The Nevada State Contractors Board is responsible for the licensing and oversight of persons or entities (contractors) that perform construction work in this state. This responsibility includes making sure that licensed contractors keep adequate records and maintain the appropriate bond amount for the work being performed. This also include ensuring that the contractor maintains a certain level of financial responsibility and has made no misrepresentation or omission of a material fact during the application process or during any investigation by the board.
Adequate Record Keeping:
A contractor is required to keep records for all projects for not less than three years. NRS 624.3013(1) provides for disciplinary action for the failure to keep records showing all contracts, documents, receipts and disbursements by a licensee of all of licensee’s transactions as a contractor and to keep them open for inspection by the Board or Executive Officer for a period of not less than 3 years after the completion of any construction project or operation to which the records refer. This can lead to other problems for the licensee, for Example:
While investigating a complaint against a licensee by a homeowner the investigator asks the licensee for records to verify that the contractor had obtained the appropriate permit. The licensee assures the investigator that he had indeed pulled the appropriate permit but could not produce it. The investigator then requests a copy of the licensee’s entire file on the project, including proposal, contract, change orders, receipts for materials. The contractors cannot find the file or is missing components of the file. This prompts the investigator to demand production of ALL files for ALL projects for the last 3 years. Licensee failed to keep records of any projects longer than a year. The Board brings a claim against the licensee under section 3013(1) alleging that the licensee failed to maintain records for up to three years after completion of the project – and brings additional counts for other jobs. The Board also brings a claim against the licensee for failure to obtain the appropriate permit under NRS 624.3011(2) and begins to investigate whether the contractor pulled permits on other unrelated jobs leading to further charges.
Misrepresentation or Omission:
It is also a violation of NRS 624.3013, subsection (2), for a licensee to misrepresent or omit a material fact in connection with any information or evidence furnished the Board in connection with official matters of the Board. Thus, if an investigator believes that a licensee has misrepresented the facts or failed to disclose information the investigator believes should have been disclosed, the Board can impose disciplinary action against the licensee. Therefore, the question at issue is “what constitutes a material fact”? This is a totally subjective question and a licensee faced with a violation of this subsection should seek the assistance of a qualified attorney.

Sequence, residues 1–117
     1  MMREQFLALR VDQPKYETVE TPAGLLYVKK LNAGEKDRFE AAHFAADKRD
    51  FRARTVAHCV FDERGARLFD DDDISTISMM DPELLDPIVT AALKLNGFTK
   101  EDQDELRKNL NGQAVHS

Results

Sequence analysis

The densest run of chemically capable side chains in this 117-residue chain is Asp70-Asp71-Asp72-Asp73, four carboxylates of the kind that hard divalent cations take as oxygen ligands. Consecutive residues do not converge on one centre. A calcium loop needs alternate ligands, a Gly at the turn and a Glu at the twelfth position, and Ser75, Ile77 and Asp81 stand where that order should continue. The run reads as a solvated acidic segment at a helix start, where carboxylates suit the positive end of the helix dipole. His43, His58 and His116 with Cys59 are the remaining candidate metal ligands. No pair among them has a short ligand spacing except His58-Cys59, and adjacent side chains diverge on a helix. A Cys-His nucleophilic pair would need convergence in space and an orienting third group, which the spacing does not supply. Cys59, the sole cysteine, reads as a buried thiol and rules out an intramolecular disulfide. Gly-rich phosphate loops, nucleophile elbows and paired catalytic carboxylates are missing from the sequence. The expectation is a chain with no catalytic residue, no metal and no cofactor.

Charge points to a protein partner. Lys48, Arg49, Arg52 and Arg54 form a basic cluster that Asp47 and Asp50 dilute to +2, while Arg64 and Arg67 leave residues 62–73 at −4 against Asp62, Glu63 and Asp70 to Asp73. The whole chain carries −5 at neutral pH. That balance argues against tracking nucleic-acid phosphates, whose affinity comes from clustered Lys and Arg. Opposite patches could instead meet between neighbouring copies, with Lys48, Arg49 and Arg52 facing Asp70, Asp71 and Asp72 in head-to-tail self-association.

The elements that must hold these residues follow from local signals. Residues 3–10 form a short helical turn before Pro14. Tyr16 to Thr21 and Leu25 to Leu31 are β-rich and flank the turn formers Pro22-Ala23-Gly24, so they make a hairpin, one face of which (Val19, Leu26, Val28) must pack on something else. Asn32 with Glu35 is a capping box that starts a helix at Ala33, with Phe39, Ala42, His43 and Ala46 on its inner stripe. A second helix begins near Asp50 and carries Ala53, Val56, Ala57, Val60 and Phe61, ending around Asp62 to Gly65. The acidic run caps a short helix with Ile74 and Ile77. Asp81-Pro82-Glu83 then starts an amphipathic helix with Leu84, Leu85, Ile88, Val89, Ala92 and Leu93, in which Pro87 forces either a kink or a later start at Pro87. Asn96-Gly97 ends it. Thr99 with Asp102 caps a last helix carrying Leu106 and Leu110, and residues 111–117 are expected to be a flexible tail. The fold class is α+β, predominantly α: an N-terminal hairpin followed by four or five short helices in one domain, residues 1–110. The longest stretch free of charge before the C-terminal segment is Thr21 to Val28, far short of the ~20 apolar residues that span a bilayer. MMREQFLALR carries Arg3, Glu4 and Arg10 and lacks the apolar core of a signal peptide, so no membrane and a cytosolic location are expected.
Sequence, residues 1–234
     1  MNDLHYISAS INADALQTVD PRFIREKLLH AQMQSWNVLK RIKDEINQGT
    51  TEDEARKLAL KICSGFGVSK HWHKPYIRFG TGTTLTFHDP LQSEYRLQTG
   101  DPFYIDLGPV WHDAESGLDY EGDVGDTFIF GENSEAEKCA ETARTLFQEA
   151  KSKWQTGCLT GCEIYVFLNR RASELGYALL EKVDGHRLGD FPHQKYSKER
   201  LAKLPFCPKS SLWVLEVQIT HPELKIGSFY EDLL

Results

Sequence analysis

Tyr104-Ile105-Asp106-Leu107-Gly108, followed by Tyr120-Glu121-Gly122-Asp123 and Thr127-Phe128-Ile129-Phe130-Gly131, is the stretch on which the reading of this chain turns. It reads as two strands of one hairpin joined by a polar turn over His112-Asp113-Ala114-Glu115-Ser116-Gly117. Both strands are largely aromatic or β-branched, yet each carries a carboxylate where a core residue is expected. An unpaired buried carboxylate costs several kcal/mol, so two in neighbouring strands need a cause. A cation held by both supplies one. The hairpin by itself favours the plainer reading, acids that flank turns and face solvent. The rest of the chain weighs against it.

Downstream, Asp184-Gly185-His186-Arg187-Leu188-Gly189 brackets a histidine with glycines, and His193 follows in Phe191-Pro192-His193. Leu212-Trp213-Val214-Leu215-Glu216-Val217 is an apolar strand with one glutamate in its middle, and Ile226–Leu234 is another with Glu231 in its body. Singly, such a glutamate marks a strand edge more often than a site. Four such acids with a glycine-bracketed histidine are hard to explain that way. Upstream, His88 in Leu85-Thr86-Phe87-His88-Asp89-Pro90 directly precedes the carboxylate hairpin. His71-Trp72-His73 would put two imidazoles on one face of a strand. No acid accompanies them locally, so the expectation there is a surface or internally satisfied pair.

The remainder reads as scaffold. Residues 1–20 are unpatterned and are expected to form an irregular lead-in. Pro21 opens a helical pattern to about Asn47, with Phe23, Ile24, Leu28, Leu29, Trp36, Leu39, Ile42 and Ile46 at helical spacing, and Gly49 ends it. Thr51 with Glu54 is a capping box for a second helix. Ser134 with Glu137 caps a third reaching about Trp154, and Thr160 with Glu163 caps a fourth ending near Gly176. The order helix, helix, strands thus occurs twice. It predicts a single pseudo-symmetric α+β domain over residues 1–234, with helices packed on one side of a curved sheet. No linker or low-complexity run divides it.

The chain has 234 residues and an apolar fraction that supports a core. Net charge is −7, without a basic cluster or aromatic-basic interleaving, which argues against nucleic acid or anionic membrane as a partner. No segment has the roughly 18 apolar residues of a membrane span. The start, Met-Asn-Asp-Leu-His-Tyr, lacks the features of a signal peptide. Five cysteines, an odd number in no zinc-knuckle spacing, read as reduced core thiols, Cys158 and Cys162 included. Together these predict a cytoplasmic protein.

Establishing Financial Responsibility:
The Contractors Board nearly always takes the position that a licensee who is subject to disciplinary proceeding must submit a financial statement and other information to the Board when requested to do so. Under NRS 624.3010(3) it is grounds for disciplinary action if a licensee fails to establish financial responsibility at the time of renewal of the license or at any other time when required by the Board. This means that a licensee must be prepared to show an investigator that the licensee is financially responsible whenever requested to do so. On numerous occasions, the Contractors Board has taken the position that when a licensee fails to establish financial responsibility, the Board may suspend or revoke the license, refuse renewal of the license, impose limits on the field, scope and monetary limit of the license, increase the bond requirement or require additional bonds, security or indemnifications or take any other action deemed appropriate by the Board.
Because there are limits to the authority and enforcement of the provisions of Chapter 624 by the Contractors Board, and the Contractors Board frequently overreaches when it attempts to “take any other action deemed appropriate by the Board,” it is imperative that the licensee obtain the services of an experienced attorney whenever any claims are brought against them. The Wright Law Group, P.C. has decades of experience defending claims before the Contractors Board and is well equipped to assist you in handling your case. Please call us at 702-405-0001 to schedule a consultation or email us.